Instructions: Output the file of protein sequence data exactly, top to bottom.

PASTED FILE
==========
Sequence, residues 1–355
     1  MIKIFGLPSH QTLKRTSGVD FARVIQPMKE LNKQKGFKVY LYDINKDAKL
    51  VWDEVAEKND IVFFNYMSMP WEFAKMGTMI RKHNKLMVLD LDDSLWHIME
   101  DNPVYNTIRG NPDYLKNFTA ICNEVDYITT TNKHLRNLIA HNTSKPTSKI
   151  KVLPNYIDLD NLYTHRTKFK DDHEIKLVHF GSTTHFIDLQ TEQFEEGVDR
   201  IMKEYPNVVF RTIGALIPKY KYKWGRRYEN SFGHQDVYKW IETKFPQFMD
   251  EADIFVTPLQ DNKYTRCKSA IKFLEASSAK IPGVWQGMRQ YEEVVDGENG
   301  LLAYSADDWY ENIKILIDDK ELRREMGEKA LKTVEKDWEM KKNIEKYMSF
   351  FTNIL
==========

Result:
Sequence, residues 1–355
     1  MIKIFGLPSH QTLKRTSGVD FARVIQPMKE LNKQKGFKVY LYDINKDAKL
    51  VWDEVAEKND IVFFNYMSMP WEFAKMGTMI RKHNKLMVLD LDDSLWHIME
   101  DNPVYNTIRG NPDYLKNFTA ICNEVDYITT TNKHLRNLIA HNTSKPTSKI
   151  KVLPNYIDLD NLYTHRTKFK DDHEIKLVHF GSTTHFIDLQ TEQFEEGVDR
   201  IMKEYPNVVF RTIGALIPKY KYKWGRRYEN SFGHQDVYKW IETKFPQFMD
   251  EADIFVTPLQ DNKYTRCKSA IKFLEASSAK IPGVWQGMRQ YEEVVDGENG
   301  LLAYSADDWY ENIKILIDDK ELRREMGEKA LKTVEKDWEM KKNIEKYMSF
   351  FTNIL